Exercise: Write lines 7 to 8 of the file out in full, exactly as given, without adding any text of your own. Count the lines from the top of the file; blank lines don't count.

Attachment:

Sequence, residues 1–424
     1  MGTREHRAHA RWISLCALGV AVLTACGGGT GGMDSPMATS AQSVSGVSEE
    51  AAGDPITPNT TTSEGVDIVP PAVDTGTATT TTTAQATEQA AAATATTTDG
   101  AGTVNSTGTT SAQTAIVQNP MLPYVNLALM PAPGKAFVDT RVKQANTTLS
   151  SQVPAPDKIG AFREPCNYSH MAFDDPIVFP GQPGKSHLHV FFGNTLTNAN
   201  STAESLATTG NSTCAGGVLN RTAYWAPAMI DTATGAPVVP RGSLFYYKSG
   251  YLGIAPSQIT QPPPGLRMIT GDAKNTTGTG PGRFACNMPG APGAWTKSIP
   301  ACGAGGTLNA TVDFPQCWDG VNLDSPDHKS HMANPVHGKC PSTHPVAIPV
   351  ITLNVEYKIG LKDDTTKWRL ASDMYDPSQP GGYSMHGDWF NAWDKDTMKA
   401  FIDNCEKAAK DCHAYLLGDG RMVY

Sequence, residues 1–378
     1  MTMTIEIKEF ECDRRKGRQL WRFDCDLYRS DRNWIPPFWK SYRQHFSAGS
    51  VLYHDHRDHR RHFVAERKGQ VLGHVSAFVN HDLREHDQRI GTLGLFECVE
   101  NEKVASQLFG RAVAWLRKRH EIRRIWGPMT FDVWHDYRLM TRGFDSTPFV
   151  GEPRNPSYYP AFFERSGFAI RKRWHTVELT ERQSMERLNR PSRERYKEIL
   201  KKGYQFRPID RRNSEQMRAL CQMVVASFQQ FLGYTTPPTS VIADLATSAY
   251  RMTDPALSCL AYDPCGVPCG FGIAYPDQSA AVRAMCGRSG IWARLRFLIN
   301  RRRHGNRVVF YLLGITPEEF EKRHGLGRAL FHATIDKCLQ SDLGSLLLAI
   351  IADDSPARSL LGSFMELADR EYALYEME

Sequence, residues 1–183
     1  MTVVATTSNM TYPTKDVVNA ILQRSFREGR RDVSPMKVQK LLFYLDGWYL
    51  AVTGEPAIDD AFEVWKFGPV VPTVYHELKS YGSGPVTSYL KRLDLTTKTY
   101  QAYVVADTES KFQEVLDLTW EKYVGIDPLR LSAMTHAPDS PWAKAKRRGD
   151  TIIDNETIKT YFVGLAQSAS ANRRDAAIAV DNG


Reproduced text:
   251  YLGIAPSQIT QPPPGLRMIT GDAKNTTGTG PGRFACNMPG APGAWTKSIP
   301  ACGAGGTLNA TVDFPQCWDG VNLDSPDHKS HMANPVHGKC PSTHPVAIPV